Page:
One of Dr. Monica Bertagnolli's key initiatives as director of the National Cancer Institute has been the creation of the Clinical Trials Innovation Unit (CTIU). Although it's still a work in progress, the CTIU is now accepting its first round of project proposals, with a June 12th deadline. I'm sure it's no surprise, but the SWOG committee chairs seem to be full up with ideas to submit.

The unit is not directly part of the NCTN or the NCORP, but instead is a parallel mechanism for getting innovative projects done more quickly. The unit’s new web page does specify that CTIU trials will be conducted within the NCTN framework, with streamlined evaluation and activation processes.

Dr. Bertagnolli has herself described the CTIU as a collaboration between the NCI, the FDA, and the extramural cancer clinical research community. She has said it’s intended to tackle scientific questions that are amenable to radically new study designs and operational procedures – anything that can help the NCI engage more broadly and deliver results faster.

Dr. Michael Morris, the unit’s co-director (with Dr. Sheila Prindiville of the NCI), introduced our committee chairs to the CTIU in San Francisco last week. On Wednesday, I sent a follow-up message to chairs detailing the process and timeline SWOG will follow in selecting the proposals we’ll submit for the round one deadline.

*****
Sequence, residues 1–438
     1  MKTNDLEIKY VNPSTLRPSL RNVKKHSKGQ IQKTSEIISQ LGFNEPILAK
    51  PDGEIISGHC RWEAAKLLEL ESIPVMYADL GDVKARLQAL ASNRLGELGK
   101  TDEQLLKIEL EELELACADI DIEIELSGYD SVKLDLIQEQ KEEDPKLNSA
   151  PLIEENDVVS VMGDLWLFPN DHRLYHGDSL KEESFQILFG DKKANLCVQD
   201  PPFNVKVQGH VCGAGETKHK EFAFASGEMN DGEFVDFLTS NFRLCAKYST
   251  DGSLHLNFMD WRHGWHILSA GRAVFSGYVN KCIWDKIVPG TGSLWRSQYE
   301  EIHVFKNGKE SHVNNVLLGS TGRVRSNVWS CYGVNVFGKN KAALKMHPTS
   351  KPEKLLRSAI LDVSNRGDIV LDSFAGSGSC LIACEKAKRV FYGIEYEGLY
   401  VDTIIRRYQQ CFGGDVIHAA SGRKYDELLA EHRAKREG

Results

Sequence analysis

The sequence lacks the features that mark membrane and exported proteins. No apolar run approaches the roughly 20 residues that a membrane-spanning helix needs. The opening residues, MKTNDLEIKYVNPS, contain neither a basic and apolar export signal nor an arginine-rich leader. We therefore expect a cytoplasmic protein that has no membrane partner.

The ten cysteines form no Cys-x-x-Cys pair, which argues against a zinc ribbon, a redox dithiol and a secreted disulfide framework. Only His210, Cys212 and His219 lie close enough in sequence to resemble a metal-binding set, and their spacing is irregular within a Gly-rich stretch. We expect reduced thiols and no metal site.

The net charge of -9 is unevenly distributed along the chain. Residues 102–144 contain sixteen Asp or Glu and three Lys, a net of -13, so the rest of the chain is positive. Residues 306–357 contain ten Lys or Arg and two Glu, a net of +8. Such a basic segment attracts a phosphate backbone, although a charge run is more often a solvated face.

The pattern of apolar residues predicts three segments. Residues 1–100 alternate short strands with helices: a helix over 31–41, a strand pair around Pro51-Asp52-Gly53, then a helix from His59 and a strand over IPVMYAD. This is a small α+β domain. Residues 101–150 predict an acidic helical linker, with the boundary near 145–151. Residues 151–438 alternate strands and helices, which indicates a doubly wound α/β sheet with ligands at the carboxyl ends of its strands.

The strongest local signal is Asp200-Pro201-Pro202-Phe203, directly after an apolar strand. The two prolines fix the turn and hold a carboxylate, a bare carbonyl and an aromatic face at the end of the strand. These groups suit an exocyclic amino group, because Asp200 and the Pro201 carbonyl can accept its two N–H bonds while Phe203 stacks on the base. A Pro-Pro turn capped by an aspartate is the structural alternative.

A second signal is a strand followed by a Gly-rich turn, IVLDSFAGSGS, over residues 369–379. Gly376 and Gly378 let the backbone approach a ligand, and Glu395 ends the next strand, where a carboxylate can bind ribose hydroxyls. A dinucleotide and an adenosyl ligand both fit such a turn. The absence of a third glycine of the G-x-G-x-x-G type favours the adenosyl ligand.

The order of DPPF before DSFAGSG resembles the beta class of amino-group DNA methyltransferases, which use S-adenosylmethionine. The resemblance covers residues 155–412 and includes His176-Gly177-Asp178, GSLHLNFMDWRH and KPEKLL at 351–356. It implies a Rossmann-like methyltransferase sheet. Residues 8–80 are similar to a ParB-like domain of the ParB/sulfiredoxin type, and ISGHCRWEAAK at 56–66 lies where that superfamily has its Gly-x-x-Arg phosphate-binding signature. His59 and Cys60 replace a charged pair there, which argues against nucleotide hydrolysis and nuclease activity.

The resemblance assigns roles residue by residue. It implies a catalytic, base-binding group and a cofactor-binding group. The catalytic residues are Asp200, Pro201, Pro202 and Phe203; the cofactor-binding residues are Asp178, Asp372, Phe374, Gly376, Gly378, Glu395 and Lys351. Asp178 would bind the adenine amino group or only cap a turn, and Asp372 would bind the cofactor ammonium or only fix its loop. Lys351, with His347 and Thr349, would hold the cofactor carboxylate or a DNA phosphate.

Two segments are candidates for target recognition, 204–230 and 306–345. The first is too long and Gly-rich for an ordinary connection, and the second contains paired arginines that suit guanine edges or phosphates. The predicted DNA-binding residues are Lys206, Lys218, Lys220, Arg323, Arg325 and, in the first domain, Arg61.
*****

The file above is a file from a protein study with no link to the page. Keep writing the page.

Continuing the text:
In brief, proposals (primarily therapeutic, for this round) are due to our protocol department May 23rd. Our executive officers will vet concepts and bring them to the executive advisory committee late next week for discussion and ranking. We’ll select the best of the best to submit to CTIU.

What is the CTIU looking for in a proposal? A key element is a clear and convincing argument for why the trial should be done through the CTIU, rather than more conventional mechanisms.

The NCI plans a quick internal review process and expects to announce their selection(s) for the first round of CTIU trials sometime in July. If SWOG is assigned one or more trials, they will immediately become our top priority for rapid protocol development and activation, in much the same way as the recent S2302 Pragmatica-Lung study.

In fact, S2302 Pragmatica-Lung is a good example for the type of projects that may come out of CTIU. We know we can produce finished protocols for radically new designs and do so at near-record speed, because we’ve just done it. Of course, we also know the degree of work required to achieve this!

But we’ve already made history at least a couple of times this year – with the activation of S2302, with the election of our first group co-chairs-elect …. Why stop there?

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